A Matched Case-Control Study Measuring the Effectiveness of the Rotavirus Vaccines to Prevent Gastroenteritis HospitalizationsFrancisco Gimenez-Sanchez1 *, Elena Cobos-Carrascosa1, Miguel Sanchez-Forte1, Yolanda Gonzalez-Jimenez1, Ernestina Azor-Martine1and Pablo Garrido- Fernandez2
- *Corresponding Author:
- Francisco Gimenez-Sanchez
E-mail: [email protected]
Received date: January 18,2014; Accepted date: February 15,2015; Published date: February 16, 2015
Citation: Gimenez-Sanchez F, Cobos-Carrascosa E, Sanchez-Forte M, Gonzalez-Jimenez Y, Azor-Martine E, et al. (2015) A Matched Case-Control Study Measuring the Effectiveness of the Rotavirus Vaccines to Prevent Gastroenteritis Hospitalizations . J Vaccines Vaccin 6:275. doi: 10.4172/2157-7560.1000275
Copyright: ©2015 Gimenez-Sanchez F, et al. This is an open-access article distributed under the terms of the Creative Commons Attribution License, which permits unrestricted use, distribution, and reproduction in any medium, provided the original author and source are credited.
Rotavirus has been identified as an important cause of diarrhea hospitalizations. Two oral live rotavirus vaccines have been licensed in Europe since 2006 and have been available in the Spanish market since then. The main objective of this study was to estimate the effectiveness of the rotavirus vaccination in the prevention of admissions caused by rotavirus infections using a matched case-control study in a hospital setting.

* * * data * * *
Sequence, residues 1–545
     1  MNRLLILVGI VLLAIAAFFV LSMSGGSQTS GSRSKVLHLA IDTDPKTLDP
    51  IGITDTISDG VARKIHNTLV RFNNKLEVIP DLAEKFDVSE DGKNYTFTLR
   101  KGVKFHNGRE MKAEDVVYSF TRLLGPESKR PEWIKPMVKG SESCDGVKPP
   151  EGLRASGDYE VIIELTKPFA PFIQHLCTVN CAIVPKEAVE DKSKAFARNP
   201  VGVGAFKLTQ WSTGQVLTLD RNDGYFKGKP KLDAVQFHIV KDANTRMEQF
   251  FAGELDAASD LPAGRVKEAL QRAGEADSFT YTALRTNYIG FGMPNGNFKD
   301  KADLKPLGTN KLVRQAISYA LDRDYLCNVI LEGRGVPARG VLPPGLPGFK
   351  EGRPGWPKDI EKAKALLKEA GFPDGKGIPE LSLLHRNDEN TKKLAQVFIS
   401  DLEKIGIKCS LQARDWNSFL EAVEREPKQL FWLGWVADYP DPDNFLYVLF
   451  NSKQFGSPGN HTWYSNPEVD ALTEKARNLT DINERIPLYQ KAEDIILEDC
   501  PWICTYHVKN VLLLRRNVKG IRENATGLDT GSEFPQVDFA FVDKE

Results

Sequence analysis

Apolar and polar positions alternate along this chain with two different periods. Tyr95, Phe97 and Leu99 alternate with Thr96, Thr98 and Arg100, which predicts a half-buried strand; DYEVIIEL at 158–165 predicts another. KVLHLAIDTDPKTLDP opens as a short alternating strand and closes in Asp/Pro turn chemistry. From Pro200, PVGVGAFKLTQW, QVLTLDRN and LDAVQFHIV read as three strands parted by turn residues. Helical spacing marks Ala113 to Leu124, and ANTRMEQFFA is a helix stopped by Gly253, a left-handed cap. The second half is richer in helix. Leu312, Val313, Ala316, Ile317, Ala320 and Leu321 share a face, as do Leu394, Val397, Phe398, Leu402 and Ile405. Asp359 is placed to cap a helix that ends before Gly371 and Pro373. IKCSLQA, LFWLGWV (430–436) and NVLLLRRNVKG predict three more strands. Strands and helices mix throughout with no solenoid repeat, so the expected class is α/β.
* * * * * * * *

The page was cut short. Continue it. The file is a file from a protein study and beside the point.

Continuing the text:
Patients and methods: Prospective, hospital based, matched case-control study including patients between aged between 2 months and 5 years, hospitalized during 2008-2010 with a diagnosis of Rotavirus Acute Gastroenteritis (RV+AGE) matched against two patients diagnosed as Rotavirus negative Acute Gastroenteritis (Control group A) and five patients hospitalized with non-gastrointestinal conditions (Control group B) (i.e. in the ratio 1:2:5).
Results: 466 patients were included: 57 cases of RV+AGE, 104 patients in Control group A and 305 in Control group B. No differences were found among the 3 groups when comparing demographic data. Vaccine effectiveness was estimated as 86% (95% CI 59-95) compared to group A and 88% (95% CI 68-95) compared to group B. Prior rotavirus vaccination was more frequent in mild cases than in those with moderate-severe symptoms and the length of admission was shorter in vaccine recipients (1.7 ± 0.8 days) compared to those non-vaccinated (3.2 ± 1.4 days) (p<0.001; 95% CI: 1.3-1.7).
Conclusions: Our study found the rotavirus vaccines to be highly effective in preventing rotavirus-related hospitalizations and to reduce the severity of the rotavirus disease.